Instead of being in school May 16, all 1,311 students at Graves County High School used the community as their classroom.
The students were deployed to 68 locations around the county for the school’s seventh annual Community Service Day. They painted rooms, made repairs, did landscaping and yardwork, pressure washed, worked at the animal shelter, kept residents company at nursing homes, and more.
“We get really good feedback from the community,” said Assistant Principal Adrienne Custer. “The community members enjoy seeing the kids out and working hard, giving back to the community. It’s a really valuable experience for our students as well.”
It’s also a way that the school district can return the favor for the times schools ask the community for help, Superintendent Kim Dublin said.
A Graves County High School crew spiffs up the landscaping at the Community Performing Arts Center in Mayfield during the school’s Community Service Day.
“Our community is extremely giving and very supportive of our schools and our students and they never fail to help us out when we ask, regardless of what that is. This is a time for our students to reach back out – reciprocate and help them out,” she said.
Organizing the event is like planning a massive field trip, with all the logistics that entails. The students are sent out by homeroom groups – about 15 students in each – supervised by a teacher.
Transportation Director Jason Riley said he had 30 buses traveling to sites all over the county – geographically one of the state’s largest – with the work at some stations lasting a half-day and some a full day.
“It’s a lot of logistics and we try to get all these kids in the fewest amount of buses in a short window of time,” he said.
Custer, in her first year in charge of the event, said she relied heavily on a spreadsheet of sites from last year, contacting each. The difference this year was the tornado that struck Mayfield and Graves County the week before.
Some of the sites cancelled after that, deferring to those who needed the help more, Custer said. New work locations were substituted, and student groups instead helped clean up tornado damage and distribute relief supplies.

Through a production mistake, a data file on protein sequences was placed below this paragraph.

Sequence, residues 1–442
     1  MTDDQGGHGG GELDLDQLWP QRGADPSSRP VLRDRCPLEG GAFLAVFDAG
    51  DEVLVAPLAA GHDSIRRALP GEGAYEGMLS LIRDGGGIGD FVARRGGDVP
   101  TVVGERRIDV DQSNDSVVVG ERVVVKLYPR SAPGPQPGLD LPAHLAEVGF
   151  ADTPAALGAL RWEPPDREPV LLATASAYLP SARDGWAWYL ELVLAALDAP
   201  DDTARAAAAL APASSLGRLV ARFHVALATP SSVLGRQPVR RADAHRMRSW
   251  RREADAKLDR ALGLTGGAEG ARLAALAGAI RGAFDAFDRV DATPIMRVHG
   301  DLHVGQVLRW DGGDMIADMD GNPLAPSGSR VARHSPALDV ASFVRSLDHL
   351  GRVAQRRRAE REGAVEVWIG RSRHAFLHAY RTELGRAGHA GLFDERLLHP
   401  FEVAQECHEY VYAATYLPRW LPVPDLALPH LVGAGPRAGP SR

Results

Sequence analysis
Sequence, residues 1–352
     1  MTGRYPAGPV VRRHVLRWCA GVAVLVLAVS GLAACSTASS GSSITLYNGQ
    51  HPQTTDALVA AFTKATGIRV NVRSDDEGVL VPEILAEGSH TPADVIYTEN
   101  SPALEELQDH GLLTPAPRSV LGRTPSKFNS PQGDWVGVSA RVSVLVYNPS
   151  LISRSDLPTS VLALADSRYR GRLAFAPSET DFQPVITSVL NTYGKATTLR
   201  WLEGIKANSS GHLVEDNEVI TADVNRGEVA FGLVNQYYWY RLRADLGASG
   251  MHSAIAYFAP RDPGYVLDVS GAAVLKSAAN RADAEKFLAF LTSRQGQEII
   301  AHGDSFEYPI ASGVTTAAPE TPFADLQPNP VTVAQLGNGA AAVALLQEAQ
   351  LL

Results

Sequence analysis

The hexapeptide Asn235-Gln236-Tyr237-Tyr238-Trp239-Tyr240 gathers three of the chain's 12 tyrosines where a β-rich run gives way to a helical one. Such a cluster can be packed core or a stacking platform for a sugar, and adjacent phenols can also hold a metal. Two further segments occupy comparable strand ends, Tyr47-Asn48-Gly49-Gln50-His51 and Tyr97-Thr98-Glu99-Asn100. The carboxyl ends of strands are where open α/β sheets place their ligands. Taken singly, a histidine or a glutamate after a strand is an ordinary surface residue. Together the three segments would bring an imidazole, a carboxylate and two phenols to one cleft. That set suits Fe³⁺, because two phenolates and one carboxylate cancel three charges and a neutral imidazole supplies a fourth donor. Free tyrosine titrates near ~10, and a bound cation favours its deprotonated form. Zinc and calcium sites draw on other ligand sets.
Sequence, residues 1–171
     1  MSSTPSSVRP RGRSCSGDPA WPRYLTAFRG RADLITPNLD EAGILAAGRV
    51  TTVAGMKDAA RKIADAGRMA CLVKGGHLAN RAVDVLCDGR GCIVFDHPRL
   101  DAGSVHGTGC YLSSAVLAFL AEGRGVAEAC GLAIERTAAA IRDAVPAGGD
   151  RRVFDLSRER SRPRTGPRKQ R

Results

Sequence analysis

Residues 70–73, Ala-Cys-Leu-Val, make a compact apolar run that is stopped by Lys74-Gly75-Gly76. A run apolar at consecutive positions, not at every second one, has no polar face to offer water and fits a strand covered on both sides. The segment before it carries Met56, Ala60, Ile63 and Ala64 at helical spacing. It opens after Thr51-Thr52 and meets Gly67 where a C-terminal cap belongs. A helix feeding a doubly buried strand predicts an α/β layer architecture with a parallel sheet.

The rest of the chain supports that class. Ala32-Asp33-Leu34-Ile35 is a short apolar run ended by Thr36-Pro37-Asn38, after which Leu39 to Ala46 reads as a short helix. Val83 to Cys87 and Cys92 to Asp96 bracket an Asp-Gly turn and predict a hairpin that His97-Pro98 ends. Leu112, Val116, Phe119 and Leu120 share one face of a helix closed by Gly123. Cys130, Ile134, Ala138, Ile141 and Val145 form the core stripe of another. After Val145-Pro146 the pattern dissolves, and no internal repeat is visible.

The lessons learned through the experience can stick with the students, said Missi Whitenton, assistant to the district’s pupil personnel director. Her twin sons, now 21, graduated from Graves County High in 2012 and took part in the event. “They’re kindhearted and wanted to help people,” she said. That attitude “carries on,” she said, noting that her boys helped with the post-tornado cleanup.
Graves County High senior Rebecca Green said she’ll never forget her first Community Service Day and the look of gratitude on the face of an elderly woman after her group of students did some yardwork. “She was just so touched that this group of ragtag high schoolers was willing to spend an entire day in her house or her yard, fixing it for her. It was something special for me,” she said.
The big picture
Community Service Day is an annual event, but the district has made community service part of its graduation requirements. Students must earn 30 hours of community service to graduate, with the single day netting just six of those. They can put in the hours any time during their four years.
“In my mind,” said Principal Matthew Madding, “it means something a little bit different to graduate from Graves County High School. Part of what we want to do is make sure that we’re teaching citizenship, and community service is a huge piece of that.”
It’s all part of developing the whole student, Dublin said. “So many times education is caught up in the academia part – which is important – however, those soft skills are going to help, too. They’re going to help students become that viable, productive citizen and realize there are other things they need to be doing as well, such as reaching out and giving somebody a hand up. And then those skills of collaboration, teamwork – all that comes into play there, too.”
The Community Service Day and the service requirement also give students “a better understanding of how life really is,” school board Chairman Charles “Ronnie” Holmes said. “A long time ago, our kids, especially in a farming community, those kids used to do a lot of stuff on the farm. They learned the value of working and using their hands. And now with technology the way it is, automated equipment and everything, most kids probably don’t get to experience that.
“I know it’s great for them to be in class, but real life is outside the class.”